So, unlike “normal businesses” where you could probably focus on a medium/long term strategy immediately and work on usual channels knowing they would sooner or later deliver results, with early stage startups you will have to pick and test a handful of channels in a small timeframe and evaluate results.

Although each business is different we have found that a good starting point can come from 3 types of channels:

Direct comms. — Engage with your target customers directly by focusing websites/newsletter/places that they tell you they normally hang around or use. This is where we can harvest this information. So rather than websites, it’s direct communications. If it is a (hyper) local business more offline means of gathering information, such as attending networking events and conferences might have faster cut through. Examples: emails, newsletters, display, forums, (local) communities, meet-ups, specialty blogs, etc..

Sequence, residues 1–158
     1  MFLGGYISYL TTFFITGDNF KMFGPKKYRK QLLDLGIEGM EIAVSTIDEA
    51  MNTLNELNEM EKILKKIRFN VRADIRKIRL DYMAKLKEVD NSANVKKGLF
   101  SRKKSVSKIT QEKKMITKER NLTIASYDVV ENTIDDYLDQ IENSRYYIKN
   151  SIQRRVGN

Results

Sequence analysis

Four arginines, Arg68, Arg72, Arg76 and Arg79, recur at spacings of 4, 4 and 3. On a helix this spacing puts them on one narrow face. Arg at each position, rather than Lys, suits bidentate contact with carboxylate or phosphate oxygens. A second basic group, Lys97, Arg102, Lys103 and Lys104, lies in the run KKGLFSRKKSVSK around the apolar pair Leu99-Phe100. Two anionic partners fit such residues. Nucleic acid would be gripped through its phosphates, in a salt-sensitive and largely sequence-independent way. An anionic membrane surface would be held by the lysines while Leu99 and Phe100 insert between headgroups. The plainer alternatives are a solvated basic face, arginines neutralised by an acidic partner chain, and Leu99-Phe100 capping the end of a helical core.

Quick reaction paid channels — These are great for customers that you really know or that are actively searching for a solution that you provide, especially for small incremental innovations in commodity businesses that people understand. Don’t forget that the further away your proposition is from the keywords you are bidding on or the more innovative your business is the more expensive converting/educating a person will be. Highly targeted social, means cherry picking your customers from social platforms and targeting them directly. Examples: Search, display, targeted social